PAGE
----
Be Afraid: Russia And China Seek To Put In Place Top-Down Regulation Of The Internet

from the pay-attention dept

For all the talk of SOPA/PIPA/ACTA/TPP, there’s another much bigger threat to “the internet as we know it.” It’s a bunch of countries who are seeking to use the UN’s International Telecommunication Union (ITU) to create a top-down regulatory scheme for the internet. This process began a few months back, but FCC Commissioner Robert McDowell has a pretty good summary of the situation in the WSJ, and why those who believe in internet freedom should be afraid. It is worth noting, of course, that things like ICANN and IETF are far from perfect today, but handing many of their functions over to the ITU with the goal of a pretty broad top-down regulatory plan for the internet is not the solution. McDowell highlights a few of the key points in the plan:

  • Subject cyber security and data privacy to international control;
  • Allow foreign phone companies to charge fees for “international” Internet traffic, perhaps even on a “per-click” basis for certain Web destinations, with the goal of generating revenue for state-owned phone companies and government treasuries;
  • Impose unprecedented economic regulations such as mandates for rates, terms and conditions for currently unregulated traffic-swapping agreements known as “peering.”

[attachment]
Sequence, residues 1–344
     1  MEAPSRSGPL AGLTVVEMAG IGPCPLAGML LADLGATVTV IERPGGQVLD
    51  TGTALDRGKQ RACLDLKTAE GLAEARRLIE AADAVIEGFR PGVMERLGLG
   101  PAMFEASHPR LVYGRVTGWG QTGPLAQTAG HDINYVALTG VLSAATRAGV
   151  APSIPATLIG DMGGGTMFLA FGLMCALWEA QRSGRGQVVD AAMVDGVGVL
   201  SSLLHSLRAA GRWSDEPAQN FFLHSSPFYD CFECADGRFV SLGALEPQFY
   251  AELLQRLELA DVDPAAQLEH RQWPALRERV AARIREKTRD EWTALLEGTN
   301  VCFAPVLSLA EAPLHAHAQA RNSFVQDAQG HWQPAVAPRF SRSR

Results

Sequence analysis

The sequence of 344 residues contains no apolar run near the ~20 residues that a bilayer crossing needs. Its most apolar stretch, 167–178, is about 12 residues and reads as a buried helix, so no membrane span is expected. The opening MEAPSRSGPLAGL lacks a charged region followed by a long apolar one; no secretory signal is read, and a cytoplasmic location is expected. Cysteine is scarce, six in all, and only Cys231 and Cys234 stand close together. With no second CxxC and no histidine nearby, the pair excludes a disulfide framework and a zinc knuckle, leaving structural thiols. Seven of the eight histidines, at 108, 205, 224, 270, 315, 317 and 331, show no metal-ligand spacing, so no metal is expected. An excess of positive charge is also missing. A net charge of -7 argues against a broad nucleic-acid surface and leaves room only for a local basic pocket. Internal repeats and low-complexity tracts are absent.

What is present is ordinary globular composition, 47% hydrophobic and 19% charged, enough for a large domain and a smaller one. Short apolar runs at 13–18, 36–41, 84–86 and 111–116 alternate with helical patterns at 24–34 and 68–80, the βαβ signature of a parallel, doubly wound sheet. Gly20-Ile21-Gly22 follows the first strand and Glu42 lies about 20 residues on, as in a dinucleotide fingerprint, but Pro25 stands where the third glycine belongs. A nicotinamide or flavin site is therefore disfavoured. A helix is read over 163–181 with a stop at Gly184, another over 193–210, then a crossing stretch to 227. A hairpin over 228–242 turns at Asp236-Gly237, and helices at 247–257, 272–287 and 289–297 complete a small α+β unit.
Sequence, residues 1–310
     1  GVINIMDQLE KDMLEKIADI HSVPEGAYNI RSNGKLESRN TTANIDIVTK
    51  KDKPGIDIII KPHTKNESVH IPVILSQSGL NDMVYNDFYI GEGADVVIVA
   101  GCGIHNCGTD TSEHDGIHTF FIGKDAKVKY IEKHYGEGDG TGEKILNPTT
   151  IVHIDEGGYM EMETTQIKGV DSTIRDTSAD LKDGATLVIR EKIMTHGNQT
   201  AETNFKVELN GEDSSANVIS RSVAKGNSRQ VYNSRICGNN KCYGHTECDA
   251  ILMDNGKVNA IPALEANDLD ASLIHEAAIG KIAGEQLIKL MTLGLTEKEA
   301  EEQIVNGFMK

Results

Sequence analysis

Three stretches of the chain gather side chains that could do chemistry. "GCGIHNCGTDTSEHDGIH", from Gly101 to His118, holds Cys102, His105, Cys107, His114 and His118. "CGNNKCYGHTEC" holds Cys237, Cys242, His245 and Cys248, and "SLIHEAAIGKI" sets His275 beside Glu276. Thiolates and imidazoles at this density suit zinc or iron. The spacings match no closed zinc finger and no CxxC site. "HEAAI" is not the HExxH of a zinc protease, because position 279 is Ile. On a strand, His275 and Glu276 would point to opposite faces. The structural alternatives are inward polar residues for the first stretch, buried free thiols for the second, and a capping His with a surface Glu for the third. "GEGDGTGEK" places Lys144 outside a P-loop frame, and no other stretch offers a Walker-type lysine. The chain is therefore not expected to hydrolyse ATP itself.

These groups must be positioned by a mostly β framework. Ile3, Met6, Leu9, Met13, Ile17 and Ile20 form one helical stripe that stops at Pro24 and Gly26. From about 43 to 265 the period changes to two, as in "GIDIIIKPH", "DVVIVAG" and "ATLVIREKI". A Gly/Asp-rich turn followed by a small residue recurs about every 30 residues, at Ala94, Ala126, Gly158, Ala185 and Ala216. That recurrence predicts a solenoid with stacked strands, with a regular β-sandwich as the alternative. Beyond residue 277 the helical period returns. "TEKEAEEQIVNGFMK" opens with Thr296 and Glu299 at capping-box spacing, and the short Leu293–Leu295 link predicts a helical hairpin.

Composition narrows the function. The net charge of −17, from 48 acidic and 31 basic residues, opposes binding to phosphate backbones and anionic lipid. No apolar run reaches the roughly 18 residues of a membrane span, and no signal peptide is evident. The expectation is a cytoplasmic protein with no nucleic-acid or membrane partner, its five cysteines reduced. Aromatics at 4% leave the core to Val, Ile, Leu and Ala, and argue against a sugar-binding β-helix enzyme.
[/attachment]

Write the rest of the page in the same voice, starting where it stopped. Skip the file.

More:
• Establish for the first time ITU dominion over important functions of multi-stakeholder Internet governance entities such as the Internet Corporation for Assigned Names and Numbers, the nonprofit entity that coordinates the .com and .org Web addresses of the world;
  • Subsume under intergovernmental control many functions of the Internet Engineering Task Force, the Internet Society and other multi-stakeholder groups that establish the engineering and technical standards that allow the Internet to work;
  • Regulate international mobile roaming rates and practices.

Again this attempt to give the UN and certain governments unprecedented control over parts of the internet is not new. It’s actually been in process for a few years, but it’s expected to heat up in the next few months, and most in the US don’t seem to even know it’s about to happen. While there are some issues that are worth discussing among the proposals, it’s been pretty transparent from the start that a lot of the plan is to give certain governments much more control over how the internet is used… and not in a good way. The internet thrives today in large part because it’s not controlled by governments, no matter how much they’ve slowly tried to encroach (and the US is particularly guilty of that lately).

The fact that this effort is mainly being led by Russia and China should give you a sense of the intentions here. Neither country is particularly well-known for supporting the principles of open communications or freedom of speech.